John Malet (died 1644)

John Malet (c. 1573 - 10 April 1644) was an English politician who sat in the House of Commons.

Malet was the son of Sir John Malet of Enmore, Somerset. He matriculated at the Balliol College, Oxford on 17 May 1588, aged 14 and was awarded BA on 28 January 1591. He succeeded his father in 1615.

In 1624, he was elected Member of Parliament for Bath in the Happy Parliament.[1] He was appointed High Sheriff of Somerset for 1636.

In 1638 he obtained a Commission under the Great Seal from King Charles II to improve the navigation on the River Tone. This granted him and his heirs sole navigation rights from Bridgwater to Ham Mills, and allowed him to improve the river at his own expense. He saw this as a philanthropic action, as it reduced the price of coal to the poor people of Taunton, as well as improving the transport infrastructure.[2]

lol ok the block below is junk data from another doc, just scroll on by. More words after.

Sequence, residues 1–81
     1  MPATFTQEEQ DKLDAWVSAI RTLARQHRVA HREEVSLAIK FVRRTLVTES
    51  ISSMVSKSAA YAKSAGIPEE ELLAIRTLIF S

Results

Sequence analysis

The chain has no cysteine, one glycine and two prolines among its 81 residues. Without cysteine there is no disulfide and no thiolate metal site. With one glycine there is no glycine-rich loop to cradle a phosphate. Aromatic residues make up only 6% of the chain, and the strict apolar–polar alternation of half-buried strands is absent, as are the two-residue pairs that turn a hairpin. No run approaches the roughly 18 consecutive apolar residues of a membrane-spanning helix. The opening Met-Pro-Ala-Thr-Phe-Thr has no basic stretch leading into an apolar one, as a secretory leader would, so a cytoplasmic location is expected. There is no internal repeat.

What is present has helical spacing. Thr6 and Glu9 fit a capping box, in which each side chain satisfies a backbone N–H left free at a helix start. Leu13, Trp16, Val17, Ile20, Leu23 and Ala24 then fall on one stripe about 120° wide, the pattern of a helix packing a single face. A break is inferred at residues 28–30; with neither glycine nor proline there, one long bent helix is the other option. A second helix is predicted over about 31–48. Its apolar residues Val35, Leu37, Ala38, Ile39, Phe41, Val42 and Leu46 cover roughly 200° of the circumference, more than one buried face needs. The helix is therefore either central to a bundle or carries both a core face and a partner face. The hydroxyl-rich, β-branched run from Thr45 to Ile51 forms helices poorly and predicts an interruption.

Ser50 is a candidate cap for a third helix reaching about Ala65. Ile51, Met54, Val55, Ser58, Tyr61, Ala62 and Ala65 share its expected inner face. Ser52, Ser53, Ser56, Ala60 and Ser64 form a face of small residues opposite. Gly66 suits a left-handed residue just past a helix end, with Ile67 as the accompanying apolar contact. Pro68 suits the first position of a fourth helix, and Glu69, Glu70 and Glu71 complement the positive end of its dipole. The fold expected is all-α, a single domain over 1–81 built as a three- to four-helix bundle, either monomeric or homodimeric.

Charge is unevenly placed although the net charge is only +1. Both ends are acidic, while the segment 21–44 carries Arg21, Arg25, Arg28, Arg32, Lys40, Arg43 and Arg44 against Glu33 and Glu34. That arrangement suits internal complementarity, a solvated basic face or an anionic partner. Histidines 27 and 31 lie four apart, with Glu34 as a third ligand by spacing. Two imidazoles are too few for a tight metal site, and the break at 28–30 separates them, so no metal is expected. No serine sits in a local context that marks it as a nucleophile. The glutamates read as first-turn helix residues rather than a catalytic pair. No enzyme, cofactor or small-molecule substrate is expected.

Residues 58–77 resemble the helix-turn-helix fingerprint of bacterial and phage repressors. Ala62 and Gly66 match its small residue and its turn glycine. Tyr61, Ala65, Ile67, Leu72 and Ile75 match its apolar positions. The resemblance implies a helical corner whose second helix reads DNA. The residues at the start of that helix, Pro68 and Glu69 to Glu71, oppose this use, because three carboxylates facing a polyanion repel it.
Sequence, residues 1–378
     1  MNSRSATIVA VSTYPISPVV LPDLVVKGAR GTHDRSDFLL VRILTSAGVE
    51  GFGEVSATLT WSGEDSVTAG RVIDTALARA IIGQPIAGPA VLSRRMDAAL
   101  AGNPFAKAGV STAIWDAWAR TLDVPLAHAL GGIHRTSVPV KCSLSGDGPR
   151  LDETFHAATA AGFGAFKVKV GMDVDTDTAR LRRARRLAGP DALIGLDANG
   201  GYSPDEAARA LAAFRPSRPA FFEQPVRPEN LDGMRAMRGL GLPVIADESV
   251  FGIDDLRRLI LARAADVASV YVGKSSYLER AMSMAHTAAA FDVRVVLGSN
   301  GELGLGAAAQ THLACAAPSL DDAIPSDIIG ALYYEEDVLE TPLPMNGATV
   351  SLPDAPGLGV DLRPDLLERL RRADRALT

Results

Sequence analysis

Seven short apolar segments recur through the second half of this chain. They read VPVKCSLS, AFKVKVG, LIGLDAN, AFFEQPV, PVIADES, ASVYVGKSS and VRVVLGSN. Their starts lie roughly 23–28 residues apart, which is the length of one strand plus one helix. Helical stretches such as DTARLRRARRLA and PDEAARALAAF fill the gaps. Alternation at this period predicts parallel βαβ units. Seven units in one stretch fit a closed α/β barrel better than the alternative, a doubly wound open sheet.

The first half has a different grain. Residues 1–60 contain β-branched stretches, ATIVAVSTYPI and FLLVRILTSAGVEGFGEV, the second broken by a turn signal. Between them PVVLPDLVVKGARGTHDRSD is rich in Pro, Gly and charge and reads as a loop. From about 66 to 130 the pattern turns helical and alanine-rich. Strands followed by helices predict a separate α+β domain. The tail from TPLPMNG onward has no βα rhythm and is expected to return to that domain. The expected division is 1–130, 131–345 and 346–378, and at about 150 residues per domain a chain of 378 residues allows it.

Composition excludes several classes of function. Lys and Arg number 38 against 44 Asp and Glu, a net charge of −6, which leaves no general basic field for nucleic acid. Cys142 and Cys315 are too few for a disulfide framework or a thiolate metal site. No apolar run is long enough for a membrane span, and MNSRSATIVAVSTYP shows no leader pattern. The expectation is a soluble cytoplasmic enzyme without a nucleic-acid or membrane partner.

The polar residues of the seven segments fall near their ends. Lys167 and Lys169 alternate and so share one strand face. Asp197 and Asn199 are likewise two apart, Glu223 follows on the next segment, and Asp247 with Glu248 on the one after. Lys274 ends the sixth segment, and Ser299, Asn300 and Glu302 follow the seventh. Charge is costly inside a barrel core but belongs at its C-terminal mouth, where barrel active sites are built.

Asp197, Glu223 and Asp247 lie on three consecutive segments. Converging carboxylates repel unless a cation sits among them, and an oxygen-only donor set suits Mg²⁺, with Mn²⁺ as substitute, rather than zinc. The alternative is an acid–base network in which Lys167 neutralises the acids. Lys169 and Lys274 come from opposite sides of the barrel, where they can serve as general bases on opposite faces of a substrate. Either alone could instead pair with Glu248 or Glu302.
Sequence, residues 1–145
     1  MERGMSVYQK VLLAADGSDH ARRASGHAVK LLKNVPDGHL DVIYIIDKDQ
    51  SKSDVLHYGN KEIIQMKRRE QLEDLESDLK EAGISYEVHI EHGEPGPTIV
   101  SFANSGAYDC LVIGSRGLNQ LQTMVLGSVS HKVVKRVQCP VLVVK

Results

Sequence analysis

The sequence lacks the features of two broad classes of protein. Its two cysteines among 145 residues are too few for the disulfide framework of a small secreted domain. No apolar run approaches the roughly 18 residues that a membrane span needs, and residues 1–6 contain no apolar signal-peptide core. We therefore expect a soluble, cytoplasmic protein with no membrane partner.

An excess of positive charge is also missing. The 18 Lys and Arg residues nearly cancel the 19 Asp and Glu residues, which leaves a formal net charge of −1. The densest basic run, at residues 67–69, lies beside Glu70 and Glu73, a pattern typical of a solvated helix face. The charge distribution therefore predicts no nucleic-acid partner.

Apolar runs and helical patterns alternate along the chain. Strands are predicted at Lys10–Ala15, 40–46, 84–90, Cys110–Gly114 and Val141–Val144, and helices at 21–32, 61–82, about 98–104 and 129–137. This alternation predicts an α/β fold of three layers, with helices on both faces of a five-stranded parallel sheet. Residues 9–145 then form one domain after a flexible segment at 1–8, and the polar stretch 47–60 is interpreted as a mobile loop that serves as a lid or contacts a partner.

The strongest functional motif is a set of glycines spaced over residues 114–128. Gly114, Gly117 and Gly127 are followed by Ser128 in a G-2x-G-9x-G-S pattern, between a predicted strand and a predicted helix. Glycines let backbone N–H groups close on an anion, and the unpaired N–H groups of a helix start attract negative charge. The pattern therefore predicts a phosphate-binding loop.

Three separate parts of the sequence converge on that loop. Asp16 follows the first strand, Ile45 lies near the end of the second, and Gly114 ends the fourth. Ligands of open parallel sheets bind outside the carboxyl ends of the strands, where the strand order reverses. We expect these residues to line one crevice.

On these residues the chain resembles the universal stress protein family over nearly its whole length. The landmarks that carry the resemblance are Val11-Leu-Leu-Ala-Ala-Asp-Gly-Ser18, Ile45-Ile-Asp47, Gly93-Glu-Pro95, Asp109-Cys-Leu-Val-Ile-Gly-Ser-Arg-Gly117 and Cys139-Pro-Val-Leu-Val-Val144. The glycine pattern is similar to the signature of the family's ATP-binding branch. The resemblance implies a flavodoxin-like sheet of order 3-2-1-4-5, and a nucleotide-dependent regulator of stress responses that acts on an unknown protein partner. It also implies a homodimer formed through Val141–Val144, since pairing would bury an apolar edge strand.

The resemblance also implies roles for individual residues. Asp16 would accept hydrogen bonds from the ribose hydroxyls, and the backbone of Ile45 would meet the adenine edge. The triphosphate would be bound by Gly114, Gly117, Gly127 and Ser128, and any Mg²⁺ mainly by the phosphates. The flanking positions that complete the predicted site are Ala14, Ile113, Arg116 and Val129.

He died in 1644 and was buried in Bath Abbey. He had married Ann, the daughter of Sir John Tracy of Toddington, Gloucestershire, with whom he had one son and four daughters. He was succeeded by his son, John.


  1. 'Alumni Oxonienses, 1500-1714: Mab-Marygold', Alumni Oxonienses 1500-1714 (1891), pp. 956-982. Date accessed: 5 May 2012
  2. Haskell, Tony (1994). By Waterway to Taunton. Somerset Books. pp. 1–2. ISBN 978-0-86183-260-6.
Parliament of England
Preceded by
Sir Robert Phelips
Robert Pye
Member of Parliament for Bath
With: Robert Pye
Succeeded by
Ralph Hopton
Edward Hungerford
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